The world notes little and remembers less of what is said by national leaders.
On this day, 145 years ago, two speeches were given at the dedicatory ceremony of Gettysburg National Cemetery. One was given by a man widely renowned as the greatest orator of the time. He was none other than Edward Everett, a former Secretary of State, U.S. Senator, U.S. Representative, Governor of Massachusetts, president of Harvard University, and Vice Presidential candidate. Almost as an afterthought, the President of the United States was also invited to give “dedicatory remarks.”
On the dedicatory day, November 19, Everett’s speech contained 13,607 words and lasted over two hours. After Everett’s oration, and a hymn, Abraham Lincoln rose and gave the following speech:
Four score and seven years ago our fathers brought forth on this continent a new nation, conceived in Liberty, and dedicated to the proposition that all men are created equal.
Now we are engaged in a great civil war, testing whether that nation, or any nation, so conceived and so dedicated, can long endure. We are met on a great battle-field of that war. We have come to dedicate a portion of that field, as a final resting place for those who here gave their lives that that nation might live. It is altogether fitting and proper that we should do this.
But, in a larger sense, we can not dedicate—we can not consecrate—we can not hallow—this ground. The brave men, living and dead, who struggled here, have consecrated it, far above our poor power to add or detract. The world will little note, nor long remember what we say here, but it can never forget what they did here. It is for us the living, rather, to be dedicated here to the unfinished work which they who fought here have thus far so nobly advanced.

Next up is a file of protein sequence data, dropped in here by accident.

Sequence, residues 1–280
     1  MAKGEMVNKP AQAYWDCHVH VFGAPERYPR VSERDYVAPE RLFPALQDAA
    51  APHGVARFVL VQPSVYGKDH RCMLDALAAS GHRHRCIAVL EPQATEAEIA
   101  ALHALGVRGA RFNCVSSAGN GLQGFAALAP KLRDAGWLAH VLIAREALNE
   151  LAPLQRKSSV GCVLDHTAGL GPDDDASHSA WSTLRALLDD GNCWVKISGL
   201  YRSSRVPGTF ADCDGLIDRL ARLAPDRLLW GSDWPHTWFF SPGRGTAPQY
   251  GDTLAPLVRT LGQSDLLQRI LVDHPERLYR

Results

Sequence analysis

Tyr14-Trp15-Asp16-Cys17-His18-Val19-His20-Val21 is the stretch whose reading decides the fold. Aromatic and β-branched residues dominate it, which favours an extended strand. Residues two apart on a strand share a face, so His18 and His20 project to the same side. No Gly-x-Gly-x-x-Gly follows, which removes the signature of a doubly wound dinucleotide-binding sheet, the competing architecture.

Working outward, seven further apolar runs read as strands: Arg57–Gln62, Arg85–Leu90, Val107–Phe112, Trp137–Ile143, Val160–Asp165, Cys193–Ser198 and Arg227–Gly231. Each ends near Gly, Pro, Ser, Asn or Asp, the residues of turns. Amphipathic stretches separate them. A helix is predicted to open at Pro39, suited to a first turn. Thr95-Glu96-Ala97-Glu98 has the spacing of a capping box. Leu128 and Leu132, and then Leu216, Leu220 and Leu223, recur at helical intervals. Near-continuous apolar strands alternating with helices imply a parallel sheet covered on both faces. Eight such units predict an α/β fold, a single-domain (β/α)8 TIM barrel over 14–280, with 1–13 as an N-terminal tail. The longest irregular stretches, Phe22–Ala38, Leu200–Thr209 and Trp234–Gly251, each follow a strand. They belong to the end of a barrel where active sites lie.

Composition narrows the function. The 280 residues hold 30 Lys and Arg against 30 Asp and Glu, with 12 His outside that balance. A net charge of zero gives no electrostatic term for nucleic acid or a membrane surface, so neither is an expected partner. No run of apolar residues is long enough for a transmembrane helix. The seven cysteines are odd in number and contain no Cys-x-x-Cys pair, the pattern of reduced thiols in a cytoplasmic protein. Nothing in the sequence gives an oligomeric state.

It is rather for us to be here dedicated to the great task remaining before us—that from these honored dead we take increased devotion to that cause for which they gave the last full measure of devotion—that we here highly resolve that these dead shall not have died in vain—that this nation, under God, shall have a new birth of freedom—and that government of the people, by the people, for the people, shall not perish from the earth.
Some times less really is more. This speech was given long before the era of paid speechwriters and TelePrompTers. Lincoln wrote it believing (most likely) that it would be forgotten among all the other speeches he gave. Its doubtful he had much time to give serious thought to his “dedicatory remarks”. His nation was at war with herself. The Gettysburg Address was Lincoln at his oratory best – because what he said was what he truly believed. No coaching. No polling. No focus groups.
It is one speech that I wish was available on video. The closest I can get you is Walt Disney’s “Great Moments With Mr. Lincoln”. Enjoy. (The actual address comes at about 37 seconds into the video.
Here endeth the lesson.